Death Valley National Park hit 130 degrees Fahrenheit on Friday, which is only four degrees shy of the highest recorded temperature on the planet, according to the Las Vegas National Weather Service.
Preliminary forecasts for the park, which is located along the border of California and Nevada, also indicated a one in four chance of reaching 130 degrees on both Saturday and Sunday.
The National Weather Service said observed temperatures are considered preliminary and not yet validated.
The official hottest temperature in the world was measured on July 10, 1913, when Death Valley National Park reached 134 degrees, according to Guinness World Records. The National Weather Service said Death Valley "likely won't be reaching its world record temperature" this weekend, but an excessive heat warning has been issued and remains in effect until Monday evening.
"HEED THESE WARNINGS," the Las Vegas Weather Service wrote on Twitter. "Do not put yourself, nor first responders in danger this weekend!"
Under the "dangerously hot conditions," the weather service recommends people living in areas under excessive heat warnings stay hydrated, avoid being in the sun, wear lightweight and loose fitting clothing and know the signs of heat exhaustion and heat stroke.
Anis affecting much of the West Coast as in Oregon have threatened vital California power lines, requiring thousands of mandatory evacuations.
Temperatures in Las Vegas are forecasted to reach 116 degrees over the weekend, and could approach the city's all-time highest recorded temperature of 117 degrees, forecasters said.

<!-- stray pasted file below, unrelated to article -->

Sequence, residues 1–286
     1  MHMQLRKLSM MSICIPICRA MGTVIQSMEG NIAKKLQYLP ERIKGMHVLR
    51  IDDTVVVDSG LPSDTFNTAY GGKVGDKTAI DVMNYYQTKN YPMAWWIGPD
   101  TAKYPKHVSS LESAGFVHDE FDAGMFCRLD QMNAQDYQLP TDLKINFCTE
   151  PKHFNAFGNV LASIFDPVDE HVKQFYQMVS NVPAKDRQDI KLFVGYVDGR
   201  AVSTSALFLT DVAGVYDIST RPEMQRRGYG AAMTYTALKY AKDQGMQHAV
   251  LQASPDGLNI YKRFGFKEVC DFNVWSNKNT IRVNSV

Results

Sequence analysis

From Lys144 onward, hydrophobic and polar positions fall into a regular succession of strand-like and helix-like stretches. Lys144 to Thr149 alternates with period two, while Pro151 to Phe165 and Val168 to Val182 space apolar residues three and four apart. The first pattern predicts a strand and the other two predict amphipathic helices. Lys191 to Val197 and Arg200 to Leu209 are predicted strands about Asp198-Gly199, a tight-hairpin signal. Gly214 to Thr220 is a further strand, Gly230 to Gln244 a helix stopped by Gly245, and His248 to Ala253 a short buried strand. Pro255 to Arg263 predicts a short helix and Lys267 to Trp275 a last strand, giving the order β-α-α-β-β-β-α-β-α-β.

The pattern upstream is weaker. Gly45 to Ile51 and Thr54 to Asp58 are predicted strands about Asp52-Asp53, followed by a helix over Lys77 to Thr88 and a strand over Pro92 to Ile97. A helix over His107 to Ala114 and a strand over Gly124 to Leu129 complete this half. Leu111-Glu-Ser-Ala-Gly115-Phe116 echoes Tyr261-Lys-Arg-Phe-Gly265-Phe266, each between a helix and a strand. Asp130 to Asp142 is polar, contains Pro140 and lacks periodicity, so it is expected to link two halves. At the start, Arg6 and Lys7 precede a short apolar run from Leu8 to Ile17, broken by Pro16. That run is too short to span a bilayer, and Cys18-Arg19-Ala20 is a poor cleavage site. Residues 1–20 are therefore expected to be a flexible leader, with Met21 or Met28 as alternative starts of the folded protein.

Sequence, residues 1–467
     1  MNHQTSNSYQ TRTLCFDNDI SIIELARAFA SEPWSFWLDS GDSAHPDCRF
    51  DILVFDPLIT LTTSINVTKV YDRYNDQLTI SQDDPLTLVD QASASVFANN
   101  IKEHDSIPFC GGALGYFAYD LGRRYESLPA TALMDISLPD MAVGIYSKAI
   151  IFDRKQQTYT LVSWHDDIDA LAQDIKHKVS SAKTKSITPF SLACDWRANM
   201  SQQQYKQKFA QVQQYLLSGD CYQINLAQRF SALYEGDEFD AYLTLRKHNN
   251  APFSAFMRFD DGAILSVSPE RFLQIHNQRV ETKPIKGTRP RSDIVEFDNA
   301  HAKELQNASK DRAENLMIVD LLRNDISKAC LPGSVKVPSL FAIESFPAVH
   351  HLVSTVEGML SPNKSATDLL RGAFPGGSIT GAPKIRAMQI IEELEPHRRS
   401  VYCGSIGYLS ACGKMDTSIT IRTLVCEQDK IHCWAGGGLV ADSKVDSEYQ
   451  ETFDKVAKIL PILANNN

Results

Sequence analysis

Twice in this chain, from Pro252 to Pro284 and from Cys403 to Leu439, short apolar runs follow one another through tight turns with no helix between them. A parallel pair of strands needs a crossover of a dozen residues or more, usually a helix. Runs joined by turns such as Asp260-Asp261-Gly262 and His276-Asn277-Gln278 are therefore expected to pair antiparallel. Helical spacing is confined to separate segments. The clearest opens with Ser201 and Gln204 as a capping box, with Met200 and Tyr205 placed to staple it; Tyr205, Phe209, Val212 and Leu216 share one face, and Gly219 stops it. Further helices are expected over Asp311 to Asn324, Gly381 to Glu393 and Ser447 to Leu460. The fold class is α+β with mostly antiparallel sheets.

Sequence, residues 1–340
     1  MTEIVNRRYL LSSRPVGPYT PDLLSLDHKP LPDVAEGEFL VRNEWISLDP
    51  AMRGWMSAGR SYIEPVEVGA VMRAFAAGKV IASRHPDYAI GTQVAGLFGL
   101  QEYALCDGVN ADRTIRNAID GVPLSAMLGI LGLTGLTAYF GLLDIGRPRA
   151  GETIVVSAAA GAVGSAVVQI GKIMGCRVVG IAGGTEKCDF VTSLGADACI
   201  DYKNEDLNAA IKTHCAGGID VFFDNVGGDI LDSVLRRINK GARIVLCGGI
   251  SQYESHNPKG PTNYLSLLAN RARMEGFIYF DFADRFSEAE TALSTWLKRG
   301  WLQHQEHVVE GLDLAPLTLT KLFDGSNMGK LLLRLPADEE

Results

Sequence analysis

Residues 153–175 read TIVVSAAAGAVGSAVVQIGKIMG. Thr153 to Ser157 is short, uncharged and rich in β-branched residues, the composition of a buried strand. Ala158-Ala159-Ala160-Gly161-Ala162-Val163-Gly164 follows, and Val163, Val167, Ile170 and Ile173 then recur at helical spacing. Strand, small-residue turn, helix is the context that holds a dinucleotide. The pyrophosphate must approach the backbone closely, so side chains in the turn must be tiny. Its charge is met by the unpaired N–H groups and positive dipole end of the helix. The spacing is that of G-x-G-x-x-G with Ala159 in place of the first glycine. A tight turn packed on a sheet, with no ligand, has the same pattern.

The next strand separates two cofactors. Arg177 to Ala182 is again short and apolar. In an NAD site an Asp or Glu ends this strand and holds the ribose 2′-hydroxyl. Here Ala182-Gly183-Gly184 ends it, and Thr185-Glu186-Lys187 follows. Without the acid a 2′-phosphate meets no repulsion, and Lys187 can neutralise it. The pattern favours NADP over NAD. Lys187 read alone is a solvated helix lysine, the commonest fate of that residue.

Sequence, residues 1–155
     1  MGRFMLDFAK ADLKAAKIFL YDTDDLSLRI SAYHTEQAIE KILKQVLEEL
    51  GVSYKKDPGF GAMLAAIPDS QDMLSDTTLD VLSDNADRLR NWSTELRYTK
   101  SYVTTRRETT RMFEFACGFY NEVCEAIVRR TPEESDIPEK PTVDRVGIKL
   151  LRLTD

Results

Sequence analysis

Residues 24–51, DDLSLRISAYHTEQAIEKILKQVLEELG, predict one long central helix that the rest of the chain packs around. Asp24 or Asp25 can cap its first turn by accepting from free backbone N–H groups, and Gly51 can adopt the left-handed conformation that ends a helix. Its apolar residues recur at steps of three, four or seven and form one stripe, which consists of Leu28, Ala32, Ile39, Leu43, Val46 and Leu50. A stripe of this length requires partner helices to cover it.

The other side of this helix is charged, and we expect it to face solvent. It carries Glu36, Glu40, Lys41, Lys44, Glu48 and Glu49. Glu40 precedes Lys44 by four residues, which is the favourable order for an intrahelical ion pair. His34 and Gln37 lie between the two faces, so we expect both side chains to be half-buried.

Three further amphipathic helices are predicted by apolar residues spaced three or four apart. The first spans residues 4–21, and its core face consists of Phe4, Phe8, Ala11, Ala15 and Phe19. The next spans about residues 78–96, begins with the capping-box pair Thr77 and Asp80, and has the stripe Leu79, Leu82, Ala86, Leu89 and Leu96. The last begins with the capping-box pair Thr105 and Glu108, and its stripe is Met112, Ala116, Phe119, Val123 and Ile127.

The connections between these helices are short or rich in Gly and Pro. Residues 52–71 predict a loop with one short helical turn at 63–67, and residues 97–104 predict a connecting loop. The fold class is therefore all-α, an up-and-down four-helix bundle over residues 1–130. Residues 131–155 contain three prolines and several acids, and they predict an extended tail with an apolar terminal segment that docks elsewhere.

Last month Portland, Oregon experienced a record-breaking temperature of 116 degrees, and as of Friday, reported 83 preliminary confirmed deaths related to the heatwave, the Oregon State Medical Examiner said.
Between June 25 and July 1, Washington state also had more than 2,000 reported emergency room visits and 78 deaths that were likely related to the extreme heat wave, the state's department of health said.
Acting State Health Officer Scott Lindquist said, "This huge jump in mortality due to heat is tragic."
On Friday, the National Oceanic and Atmospheric Administration confirmed that this June was the hottest June on record for the U.S, as the nation's drought intensified and expanded. A conducted by 27 climate scientists from the World Weather Attribution Network said that the West's record-breaking heat would have been "virtually impossible without human-caused climate change."
"Our rapidly warming climate is bringing us into uncharted territory that has significant consequences for health, well-being, and livelihoods," the analysis said. "Adaptation and mitigation are urgently needed to prepare societies for a very different future."
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